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alstry (35.64)

Housing will be DEAD in America

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February 05, 2010 – Comments (5)

Englewood NJ Proposes 10.5% Tax Hike

I know, a few are still selling two units in month in a prime infill locations in San Fransico at 1/2 the price they were selling two weeks ago because the builder got paid by Uncle Sam to take over the finished lots.   Just because were are only selling 1/5th the new homes we were selling a few years ago.......at half the price.....things will get better as long as you keep chugging Red Bull.

Sorry Fools....tax receipts to cities, counties and states are evaporting.  Jobs are being cut faster than afros at Marine boot camp.  And wages are being slashed across practically every vocation and costs for daily life are going up up up.

As municipalities are forced to tax your house more and more to keep cities operating.....the value of homes will go down faster and faster.  People have only so much money to allocate to housing.....most of us need to eat.....and the higher taxes go, the less people have to pay the monthly mortgage payment.

In addition, as more and more lose their jobs and costs for the eldery skyrocket, fewer and fewer can afford to maintain their homes even if they don't have a mortgage....as vacanies increase prices will be driven down.

For a perfect example of what happens to housing when jobs are lost, wages go down, costs increase and WITHOUT even factoring rising property taxes.....take a look at Detroit.

I know we are not there yet.......but it is the current trend and it is accelerating as more and more lose their jobs and taxes are forced to be increased so there will even be a functional community for that house to live in.

Welcome to the Alstrynomic Digital Age....where housing will not be as important an asset as it used to be in the industrial age..........and its primary function will be to raise revenues for the government and humans will focus less on stuff and  more on knowledge.

5 Comments – Post Your Own

#1) On February 05, 2010 at 12:08 PM, ralphmachio (25.75) wrote:

I have a weird vision of people inhabiting tent cities and stadiums, with their houses empty, all because the gvt plays a mean game of 3 card monty.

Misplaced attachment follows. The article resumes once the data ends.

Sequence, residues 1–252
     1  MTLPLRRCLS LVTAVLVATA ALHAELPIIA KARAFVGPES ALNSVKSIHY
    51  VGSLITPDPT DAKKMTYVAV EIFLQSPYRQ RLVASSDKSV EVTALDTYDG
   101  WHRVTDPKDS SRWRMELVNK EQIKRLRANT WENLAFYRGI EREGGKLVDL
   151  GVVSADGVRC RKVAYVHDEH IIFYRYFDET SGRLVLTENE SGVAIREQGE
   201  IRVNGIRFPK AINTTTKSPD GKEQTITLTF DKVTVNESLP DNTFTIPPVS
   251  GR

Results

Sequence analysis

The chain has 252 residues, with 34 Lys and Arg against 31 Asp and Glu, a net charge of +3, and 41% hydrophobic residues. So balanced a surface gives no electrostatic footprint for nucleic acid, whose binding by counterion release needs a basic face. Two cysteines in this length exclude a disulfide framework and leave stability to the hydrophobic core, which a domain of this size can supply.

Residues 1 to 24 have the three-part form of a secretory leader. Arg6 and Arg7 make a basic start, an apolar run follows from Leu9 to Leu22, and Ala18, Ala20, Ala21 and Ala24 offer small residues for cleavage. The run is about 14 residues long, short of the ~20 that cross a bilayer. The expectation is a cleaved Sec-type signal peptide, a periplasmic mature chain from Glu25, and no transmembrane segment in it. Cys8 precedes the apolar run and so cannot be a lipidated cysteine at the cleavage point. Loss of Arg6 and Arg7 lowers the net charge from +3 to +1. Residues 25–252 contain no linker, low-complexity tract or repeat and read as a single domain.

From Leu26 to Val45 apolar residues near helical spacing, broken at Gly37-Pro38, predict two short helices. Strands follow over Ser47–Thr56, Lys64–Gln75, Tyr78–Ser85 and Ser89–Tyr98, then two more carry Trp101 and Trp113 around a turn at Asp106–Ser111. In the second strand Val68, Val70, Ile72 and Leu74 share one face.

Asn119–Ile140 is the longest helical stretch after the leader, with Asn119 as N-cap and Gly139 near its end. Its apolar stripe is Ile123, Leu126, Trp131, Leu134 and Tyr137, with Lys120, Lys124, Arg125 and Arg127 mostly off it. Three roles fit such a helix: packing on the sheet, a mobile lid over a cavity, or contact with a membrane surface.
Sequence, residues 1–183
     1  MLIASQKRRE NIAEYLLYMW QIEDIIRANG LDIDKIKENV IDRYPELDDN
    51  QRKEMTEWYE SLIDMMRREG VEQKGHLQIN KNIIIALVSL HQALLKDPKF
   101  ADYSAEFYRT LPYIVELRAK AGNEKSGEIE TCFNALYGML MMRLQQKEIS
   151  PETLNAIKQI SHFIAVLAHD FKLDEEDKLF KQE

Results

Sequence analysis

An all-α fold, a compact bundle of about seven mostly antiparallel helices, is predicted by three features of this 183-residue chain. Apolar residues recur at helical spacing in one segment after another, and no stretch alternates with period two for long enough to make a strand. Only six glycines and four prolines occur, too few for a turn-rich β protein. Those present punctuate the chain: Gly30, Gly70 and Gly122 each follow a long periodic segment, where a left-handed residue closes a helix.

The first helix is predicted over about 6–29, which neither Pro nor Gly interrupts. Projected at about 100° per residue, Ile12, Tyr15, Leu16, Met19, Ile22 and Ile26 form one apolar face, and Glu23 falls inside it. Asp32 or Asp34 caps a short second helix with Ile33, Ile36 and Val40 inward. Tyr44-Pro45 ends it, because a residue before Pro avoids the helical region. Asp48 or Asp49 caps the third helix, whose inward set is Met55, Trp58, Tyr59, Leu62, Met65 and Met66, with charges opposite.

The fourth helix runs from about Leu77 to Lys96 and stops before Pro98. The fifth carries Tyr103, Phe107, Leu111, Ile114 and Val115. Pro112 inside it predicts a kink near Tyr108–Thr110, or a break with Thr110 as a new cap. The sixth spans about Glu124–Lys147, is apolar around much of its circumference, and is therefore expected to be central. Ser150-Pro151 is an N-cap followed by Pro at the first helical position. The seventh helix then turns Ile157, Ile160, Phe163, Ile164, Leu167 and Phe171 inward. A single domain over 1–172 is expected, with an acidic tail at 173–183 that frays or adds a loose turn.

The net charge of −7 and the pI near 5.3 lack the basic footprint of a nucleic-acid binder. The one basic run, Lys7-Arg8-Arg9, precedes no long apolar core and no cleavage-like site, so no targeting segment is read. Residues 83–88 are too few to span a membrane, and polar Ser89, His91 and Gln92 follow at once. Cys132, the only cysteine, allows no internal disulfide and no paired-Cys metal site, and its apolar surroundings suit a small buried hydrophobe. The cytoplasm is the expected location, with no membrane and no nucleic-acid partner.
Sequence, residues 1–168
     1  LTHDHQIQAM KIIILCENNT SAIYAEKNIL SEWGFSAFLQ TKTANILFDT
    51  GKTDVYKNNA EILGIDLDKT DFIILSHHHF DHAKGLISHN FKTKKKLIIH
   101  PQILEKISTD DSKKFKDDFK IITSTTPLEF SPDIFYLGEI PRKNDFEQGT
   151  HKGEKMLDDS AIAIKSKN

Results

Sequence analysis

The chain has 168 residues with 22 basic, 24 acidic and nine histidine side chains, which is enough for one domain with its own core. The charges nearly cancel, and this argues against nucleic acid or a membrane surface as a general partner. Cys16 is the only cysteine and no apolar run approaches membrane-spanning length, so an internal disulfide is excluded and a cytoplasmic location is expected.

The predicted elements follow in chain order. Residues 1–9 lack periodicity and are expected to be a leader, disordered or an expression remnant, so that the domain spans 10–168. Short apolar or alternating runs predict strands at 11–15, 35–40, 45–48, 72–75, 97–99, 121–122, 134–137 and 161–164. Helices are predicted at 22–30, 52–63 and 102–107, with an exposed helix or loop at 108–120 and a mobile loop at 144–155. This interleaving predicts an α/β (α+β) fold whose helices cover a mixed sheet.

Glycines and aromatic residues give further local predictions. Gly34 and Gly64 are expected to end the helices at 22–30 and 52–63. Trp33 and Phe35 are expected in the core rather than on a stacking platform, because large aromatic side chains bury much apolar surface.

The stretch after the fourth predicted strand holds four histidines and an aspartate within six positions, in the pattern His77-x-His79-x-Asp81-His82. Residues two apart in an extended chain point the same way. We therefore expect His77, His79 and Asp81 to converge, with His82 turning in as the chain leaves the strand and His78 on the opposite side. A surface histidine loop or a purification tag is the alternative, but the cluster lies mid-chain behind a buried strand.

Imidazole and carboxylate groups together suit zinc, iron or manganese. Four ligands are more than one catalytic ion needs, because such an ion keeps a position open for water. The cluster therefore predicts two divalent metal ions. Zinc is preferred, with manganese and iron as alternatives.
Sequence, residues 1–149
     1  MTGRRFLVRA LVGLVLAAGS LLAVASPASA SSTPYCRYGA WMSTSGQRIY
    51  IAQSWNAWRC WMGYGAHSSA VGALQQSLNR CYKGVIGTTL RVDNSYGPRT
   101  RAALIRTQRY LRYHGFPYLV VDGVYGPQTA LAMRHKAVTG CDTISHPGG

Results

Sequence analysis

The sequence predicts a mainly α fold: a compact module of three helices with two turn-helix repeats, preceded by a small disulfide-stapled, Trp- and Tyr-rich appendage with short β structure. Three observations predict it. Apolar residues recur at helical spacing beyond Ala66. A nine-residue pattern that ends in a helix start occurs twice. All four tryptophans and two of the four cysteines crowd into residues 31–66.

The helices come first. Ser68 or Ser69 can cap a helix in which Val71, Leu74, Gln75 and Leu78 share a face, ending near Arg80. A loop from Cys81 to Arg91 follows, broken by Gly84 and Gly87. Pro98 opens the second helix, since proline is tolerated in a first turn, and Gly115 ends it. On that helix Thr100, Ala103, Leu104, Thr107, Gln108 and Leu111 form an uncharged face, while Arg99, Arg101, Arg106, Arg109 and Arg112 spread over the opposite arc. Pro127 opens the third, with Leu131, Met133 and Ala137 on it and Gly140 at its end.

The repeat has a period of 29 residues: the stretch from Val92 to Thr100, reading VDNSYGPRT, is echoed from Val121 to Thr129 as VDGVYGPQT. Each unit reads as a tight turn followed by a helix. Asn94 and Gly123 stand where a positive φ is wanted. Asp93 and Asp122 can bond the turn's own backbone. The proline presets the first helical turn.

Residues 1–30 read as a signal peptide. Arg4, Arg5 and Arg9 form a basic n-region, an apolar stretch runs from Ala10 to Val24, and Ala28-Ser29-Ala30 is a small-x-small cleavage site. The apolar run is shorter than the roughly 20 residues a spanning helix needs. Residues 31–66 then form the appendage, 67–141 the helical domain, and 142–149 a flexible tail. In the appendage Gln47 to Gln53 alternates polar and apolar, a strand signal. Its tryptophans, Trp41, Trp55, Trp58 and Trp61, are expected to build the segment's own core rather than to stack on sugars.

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#2) On February 05, 2010 at 12:13 PM, alstry (35.64) wrote:

I am not sure why people keep envisioning tent cities.....although if I were a few decades younger and single, it might be fun.

What is the difference between paying $2000 per month for PITI or simply $2000 month for taxes.  Each payment is the same assuming other factors untouched.

Anyway, the point is that as taxes rise....the room for principal and interest will decrease assuming wages constant.......as wage fall, the room will get smaller and smaller.

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#3) On February 05, 2010 at 12:27 PM, davejh23 (< 20) wrote:

"Anyway, the point is that as taxes rise....the room for principal and interest will decrease assuming wages constant..."

With a weak labor market, I think it's safe to assume that wages will not be increasing significantly.  Just as increasing taxes decrease affordability, every 1% increase in mortgage rates decreases affordability by ~10%.  If mortgage rates return to a "normal" 7-8%, home prices could easily fall another 20-30%.  This would likely lead to even larger increases in property taxes, and more downward pressure on home prices.  Those that claim that there was no bubble in their area need to recognize that mortgage rates have been far below historical averages for a decade...this affected home prices everywhere...even if some areas didn't see median price to median income ratios skyrocket during the boom.  Hopefully we don't have another period of 10%+ mortgage rates...

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#4) On February 05, 2010 at 4:45 PM, alstry (35.64) wrote:

It won't matter what mortgage rates do, other than impact the timeline of how quickly homes devalue to practically nothing.

In the industrial age, staying put and working at the factory or support businesses was the standard....going forward, ability to change and adapt is going to be key....

The thirty year mortgage will become a relic as we see homeownership duration contracting year after year.  My guess is we will finance homes not too differently than the way we finance cars today.

The change will be convulsive and exciting......as we enter the Alstrynomic digital age.

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#5) On February 06, 2010 at 1:30 AM, wvillegas007 (< 20) wrote:

US Bankruptcy Certain based on Default Formula

Has anyone herd of the Greenspan-Guidotti rule? It’s a formula that Accurately predicts if a country would go bankrupt. According to the Formula to US is certain to go bankrupt. Carefully read this well written article that explains it. 

http://www.silverbearcafe.com/private/02.10/bankrupt.html

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